Maintaining upright stance, or postural control, is an adaptive process that relies on sensory, motor and cognitive processes (Balasubramaniam and Wing 2002) and can also be affected by emotional contexts (for a review, see Hagenaars et al. 2014). An emotional context that has been extensively studied in postural control is postural threat, which is a situation imposing increased challenge on balance. Postural threat has been primarily assessed in a series of studies by Carpenter and colleagues (Carpenter et al. 1999, 2001; Adkin et al. 2000) who showed that when participants stood on the edge of an elevated surface (0.8–3.2 m high), real, or virtual (Cleworth et al. 2012); they exhibited a reduction in postural sway and posterior body movement away from the platform’s edge compared with standing at ground level. This sway reduction was accompanied by an increase in sway frequency, muscle co-contraction, and ankle stiffness. Standing on an elevated surface also induced increases in fear of falling, sympathetic arousal, and stress response (Cleworth et al. 2012; Horslen et al. 2014). More recent studies focused on the underlying mechanisms of this adaptive response and showed that postural threat is likely to induce changes in two of the sensory channels involved in postural control, proprioceptive (Davis et al. 2011; Horslen et al. 2013), and vestibular (Horslen et al. 2014; Lim et al. 2017).
A reduction in body movement as a response to emotionally engaging, fear-inducing stimulation, however, is not unique to postural-threat contexts. Fear responses and their underlying mechanisms have been studied in animals and have been classified into two categories: defensive action, characterised by fight or flight behavior in response to impending attack, and defensive immobility, characterised by freezing, bradycardia, and hyper-attentiveness (Lang et al. 2000). For example, fear-freezing, measured as the amount of time rats in a cage were not moving has been observed in the context of Pavlovian-conditioned aversive responses using an auditory stimulus (LeDoux et al. 1988).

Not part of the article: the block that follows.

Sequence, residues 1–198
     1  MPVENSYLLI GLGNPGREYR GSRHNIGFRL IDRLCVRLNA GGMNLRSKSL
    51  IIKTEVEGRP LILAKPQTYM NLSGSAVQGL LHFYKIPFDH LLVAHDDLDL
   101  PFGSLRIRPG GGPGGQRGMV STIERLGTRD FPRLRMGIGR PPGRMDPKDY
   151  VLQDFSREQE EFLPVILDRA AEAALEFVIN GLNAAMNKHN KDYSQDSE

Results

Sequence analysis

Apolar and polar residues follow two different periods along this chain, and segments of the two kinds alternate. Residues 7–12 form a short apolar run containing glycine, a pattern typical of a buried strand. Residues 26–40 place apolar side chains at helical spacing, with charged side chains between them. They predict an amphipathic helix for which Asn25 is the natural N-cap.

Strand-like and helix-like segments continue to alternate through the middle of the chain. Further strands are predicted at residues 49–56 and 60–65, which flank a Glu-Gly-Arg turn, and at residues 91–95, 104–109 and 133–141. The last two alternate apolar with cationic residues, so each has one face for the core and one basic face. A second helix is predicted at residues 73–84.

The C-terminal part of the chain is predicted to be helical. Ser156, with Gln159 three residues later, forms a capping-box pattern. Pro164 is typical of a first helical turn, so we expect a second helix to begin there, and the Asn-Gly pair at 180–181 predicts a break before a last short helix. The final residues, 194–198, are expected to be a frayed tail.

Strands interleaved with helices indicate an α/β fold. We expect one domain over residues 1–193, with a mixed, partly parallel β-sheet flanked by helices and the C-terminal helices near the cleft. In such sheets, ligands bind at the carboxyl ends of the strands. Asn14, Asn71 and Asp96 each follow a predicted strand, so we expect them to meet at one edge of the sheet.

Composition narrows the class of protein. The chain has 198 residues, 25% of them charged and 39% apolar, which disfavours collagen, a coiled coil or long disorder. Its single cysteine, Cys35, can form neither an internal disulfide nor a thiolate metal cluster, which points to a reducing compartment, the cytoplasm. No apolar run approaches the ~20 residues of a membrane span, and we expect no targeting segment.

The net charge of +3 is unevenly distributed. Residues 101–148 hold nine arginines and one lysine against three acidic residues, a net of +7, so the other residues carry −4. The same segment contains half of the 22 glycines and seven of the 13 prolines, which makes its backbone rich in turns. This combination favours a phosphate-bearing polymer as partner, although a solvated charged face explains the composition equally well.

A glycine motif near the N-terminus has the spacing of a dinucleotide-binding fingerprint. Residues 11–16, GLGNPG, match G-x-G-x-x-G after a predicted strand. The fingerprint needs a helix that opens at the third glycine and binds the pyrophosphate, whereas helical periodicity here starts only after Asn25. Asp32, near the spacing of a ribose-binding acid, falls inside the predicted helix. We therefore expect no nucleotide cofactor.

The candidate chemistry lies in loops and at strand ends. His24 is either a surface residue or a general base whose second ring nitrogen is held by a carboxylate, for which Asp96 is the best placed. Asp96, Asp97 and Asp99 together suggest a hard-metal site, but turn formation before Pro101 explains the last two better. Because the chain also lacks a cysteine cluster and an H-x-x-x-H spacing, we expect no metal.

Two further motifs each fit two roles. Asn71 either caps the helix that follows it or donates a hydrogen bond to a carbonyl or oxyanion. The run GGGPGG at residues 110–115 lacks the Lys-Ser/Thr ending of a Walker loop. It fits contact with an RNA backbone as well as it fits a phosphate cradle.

Using fear-freezing responses in animals as a starting point, freezing has also been assessed in humans using a paradigm comprising passive viewing of aversive or threatening images, for example, images of mutilation (Azevedo et al. 2005; Facchinetti et al. 2006). Similar to postural-threat research, these studies showed a reduction in sway, an increase in mean power frequency of sway but also bradycardia, the latter also being associated with freezing responses in animals. Similarly, Roelofs et al. (2010) showed a freezing response in reaction to angry faces, reflected in reduced heart rate and body sway, and Hillman et al. (2004) showed a backward body movement away from unpleasant stimuli in women which was not observed in the case of pleasant or neutral stimuli. This response was also affected by the previous experience of an aversive life event, with individuals who had experienced such an event showing a greater reduction in sway when exposed to aversive images compared with a control group (Hagenaars et al. 2012). However, another study manipulating arousal and valence using this paradigm (Horslen and Carpenter 2011) showed that only arousal affected postural sway similar to postural threat, and identified methodological limitations in some of the passive-viewing studies. The primary limitation involved the short duration of the postural trials (< 10 s) in some of these studies (Hillman et al. 2004; Stins and Beek 2007; Roelofs et al. 2010), which was not long enough for the full range of time scales present in postural sway time series to be identified (Van der Kooij et al. 2011).
Despite the methodological limitations identified in studies of freezing in humans, the consensus in the literature is that fear-related postural responses can be induced by at least two different types of emotion-specific paradigms, postural threat, and passive viewing of aversive or threatening images. Given that these two paradigms induce similar sway reduction responses, it would be reasonable to assume that this reduction is a general effect that goes beyond the two paradigms and could also be caused by other emotion-specific manipulations. In the psychology literature, fear-related emotional responses are primarily triggered using socially induced stress and anxiety (Dickerson and Kemeny 2004).